The other day, while previewing messages in my inbox, I saw a conspicuous message with the following parameters, typos included:
To: (email address)
CC: (email address),…
Subject: Your ex sent me this pciture of you.
Hey (email address),
Your ex sent me this picture claiming it’s you. Is it really so? You probaly should see a doctor:) They can cure it now:).
The attached file is a ZIP archive that contains an executable file named “IMG04958.exe” (SHA1: 51dd01ab8f18bc5e7875526db241d4ea79c136e8), detected as Worm:Win32/Gamarue.E.
Scanning other messages, I noticed three additional spam campaigns using different subject lines and message body text:
- “I got you busted bro. You won’t deny the obvious now. Check the photo in attachment .”
- “I’m sorry man you seem to be in trouble. My girfriend got this picture of you yesterday and sent to your wife. Hope you can handle it”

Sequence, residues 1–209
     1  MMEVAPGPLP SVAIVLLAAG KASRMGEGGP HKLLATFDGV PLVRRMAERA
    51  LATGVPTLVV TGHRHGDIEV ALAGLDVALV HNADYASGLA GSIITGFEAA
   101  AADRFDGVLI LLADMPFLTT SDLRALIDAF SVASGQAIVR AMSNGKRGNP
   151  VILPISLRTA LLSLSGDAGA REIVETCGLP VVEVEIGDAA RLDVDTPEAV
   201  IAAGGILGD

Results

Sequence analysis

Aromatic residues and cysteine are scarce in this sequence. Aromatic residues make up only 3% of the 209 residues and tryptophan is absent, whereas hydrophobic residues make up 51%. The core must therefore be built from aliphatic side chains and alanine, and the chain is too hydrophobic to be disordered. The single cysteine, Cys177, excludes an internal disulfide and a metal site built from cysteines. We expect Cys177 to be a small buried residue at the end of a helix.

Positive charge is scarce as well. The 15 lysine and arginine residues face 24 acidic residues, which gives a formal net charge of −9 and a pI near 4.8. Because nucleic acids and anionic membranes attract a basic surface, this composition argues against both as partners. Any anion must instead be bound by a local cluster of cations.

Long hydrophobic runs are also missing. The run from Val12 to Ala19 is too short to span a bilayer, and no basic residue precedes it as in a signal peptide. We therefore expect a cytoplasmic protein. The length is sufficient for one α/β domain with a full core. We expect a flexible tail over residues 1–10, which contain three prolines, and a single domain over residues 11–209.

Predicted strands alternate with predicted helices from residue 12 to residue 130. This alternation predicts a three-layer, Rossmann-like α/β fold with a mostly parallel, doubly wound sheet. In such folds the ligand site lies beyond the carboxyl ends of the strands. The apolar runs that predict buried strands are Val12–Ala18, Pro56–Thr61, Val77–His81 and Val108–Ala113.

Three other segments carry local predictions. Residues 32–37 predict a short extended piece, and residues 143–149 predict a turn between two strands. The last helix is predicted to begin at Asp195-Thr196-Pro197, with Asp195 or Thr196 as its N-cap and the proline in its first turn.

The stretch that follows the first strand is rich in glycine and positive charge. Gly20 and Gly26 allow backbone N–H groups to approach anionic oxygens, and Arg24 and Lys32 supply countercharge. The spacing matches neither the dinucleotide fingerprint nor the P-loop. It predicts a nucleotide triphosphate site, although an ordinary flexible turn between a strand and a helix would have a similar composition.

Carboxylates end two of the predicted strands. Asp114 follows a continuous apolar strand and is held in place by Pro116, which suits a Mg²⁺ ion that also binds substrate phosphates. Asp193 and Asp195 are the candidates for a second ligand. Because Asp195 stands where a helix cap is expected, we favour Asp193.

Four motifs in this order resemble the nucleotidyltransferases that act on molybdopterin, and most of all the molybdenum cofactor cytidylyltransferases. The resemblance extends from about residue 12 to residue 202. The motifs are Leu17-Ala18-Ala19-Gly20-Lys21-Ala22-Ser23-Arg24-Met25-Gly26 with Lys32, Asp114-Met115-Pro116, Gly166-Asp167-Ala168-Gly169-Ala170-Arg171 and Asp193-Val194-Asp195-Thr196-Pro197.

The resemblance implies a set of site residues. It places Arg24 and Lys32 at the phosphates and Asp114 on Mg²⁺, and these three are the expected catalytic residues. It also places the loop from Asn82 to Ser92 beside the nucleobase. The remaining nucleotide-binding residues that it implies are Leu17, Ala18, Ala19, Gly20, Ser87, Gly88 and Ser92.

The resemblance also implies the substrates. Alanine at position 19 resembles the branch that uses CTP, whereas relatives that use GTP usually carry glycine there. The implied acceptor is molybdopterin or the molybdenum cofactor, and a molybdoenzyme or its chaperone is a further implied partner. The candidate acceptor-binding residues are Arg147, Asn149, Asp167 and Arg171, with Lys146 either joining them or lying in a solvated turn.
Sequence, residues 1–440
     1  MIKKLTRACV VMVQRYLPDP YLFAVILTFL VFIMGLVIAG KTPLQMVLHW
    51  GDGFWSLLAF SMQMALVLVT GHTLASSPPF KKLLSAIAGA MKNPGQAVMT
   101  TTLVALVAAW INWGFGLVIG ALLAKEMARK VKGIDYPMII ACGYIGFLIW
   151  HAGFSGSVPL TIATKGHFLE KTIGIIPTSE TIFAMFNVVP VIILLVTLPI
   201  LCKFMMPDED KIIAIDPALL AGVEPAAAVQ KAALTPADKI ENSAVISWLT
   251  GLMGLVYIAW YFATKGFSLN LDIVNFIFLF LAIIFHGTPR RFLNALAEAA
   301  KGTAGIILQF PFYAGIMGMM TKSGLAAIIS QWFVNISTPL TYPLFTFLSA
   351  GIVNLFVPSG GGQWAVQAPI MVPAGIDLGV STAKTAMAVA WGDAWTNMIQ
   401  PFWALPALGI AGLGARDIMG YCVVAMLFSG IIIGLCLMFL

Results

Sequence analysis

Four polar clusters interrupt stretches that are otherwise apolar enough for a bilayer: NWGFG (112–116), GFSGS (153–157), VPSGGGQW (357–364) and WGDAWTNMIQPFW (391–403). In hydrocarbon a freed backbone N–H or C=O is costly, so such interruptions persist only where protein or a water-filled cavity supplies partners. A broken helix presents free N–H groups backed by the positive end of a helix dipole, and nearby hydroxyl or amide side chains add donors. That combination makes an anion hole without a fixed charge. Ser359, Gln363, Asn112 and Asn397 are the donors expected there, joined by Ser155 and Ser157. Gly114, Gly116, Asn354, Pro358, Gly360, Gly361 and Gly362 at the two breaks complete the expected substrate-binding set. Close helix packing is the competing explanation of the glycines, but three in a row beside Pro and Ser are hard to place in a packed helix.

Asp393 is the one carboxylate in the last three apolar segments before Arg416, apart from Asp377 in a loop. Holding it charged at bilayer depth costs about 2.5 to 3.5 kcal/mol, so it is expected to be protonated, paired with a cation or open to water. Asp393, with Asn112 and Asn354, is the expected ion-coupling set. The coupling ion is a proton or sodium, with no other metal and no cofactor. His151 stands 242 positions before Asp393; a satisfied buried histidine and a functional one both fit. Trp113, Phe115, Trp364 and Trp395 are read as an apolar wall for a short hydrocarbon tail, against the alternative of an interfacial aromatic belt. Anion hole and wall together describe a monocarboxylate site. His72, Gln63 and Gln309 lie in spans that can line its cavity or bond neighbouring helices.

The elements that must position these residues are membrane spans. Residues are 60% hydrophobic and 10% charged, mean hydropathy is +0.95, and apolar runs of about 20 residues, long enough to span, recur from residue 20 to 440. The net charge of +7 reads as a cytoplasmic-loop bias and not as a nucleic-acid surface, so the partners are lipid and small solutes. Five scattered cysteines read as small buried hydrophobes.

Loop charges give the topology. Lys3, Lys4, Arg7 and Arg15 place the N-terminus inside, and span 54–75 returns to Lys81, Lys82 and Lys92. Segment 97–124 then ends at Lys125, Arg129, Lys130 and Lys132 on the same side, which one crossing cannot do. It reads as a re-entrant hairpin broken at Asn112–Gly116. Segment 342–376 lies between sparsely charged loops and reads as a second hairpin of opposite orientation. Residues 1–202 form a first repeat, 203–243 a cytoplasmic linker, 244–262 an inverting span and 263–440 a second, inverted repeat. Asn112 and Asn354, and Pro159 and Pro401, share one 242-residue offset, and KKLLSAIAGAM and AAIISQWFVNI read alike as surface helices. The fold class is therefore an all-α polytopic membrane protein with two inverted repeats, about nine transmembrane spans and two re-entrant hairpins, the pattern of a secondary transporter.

- “I got your picture yesterday, who is that girl next to you? In attachment”
The theme of the spam uses a type of social engineering that leverages the shock of allegation to trick the recipient into opening the attached file. If the recipient opens the attached file in an unprotected environment, this Win32/Gamarue variant will try to download other malware.
- Downloads “888.exe” from IP 67.210.xxx.xxx:
235964da72a80425dfb74efc264fa0ba4d8189c7 – Trojan:Win32/Hioles.C
- Downloads “sol.exe” from IP 176.31.xxx.xxx:
cfb374ae373f49ed7bf8da92fe725b4eaff5e1a5 – Trojan:Win32/FakeSysdef
Gamarue also communicates with a command and control server on a bot network to perform actions against the infected computer.
It can’t be emphasized enough in our recommendation that you apply an “ointment” (i.e. active security scanning) to help prevent “outbreaks”.
— Patrick Nolan, MMPC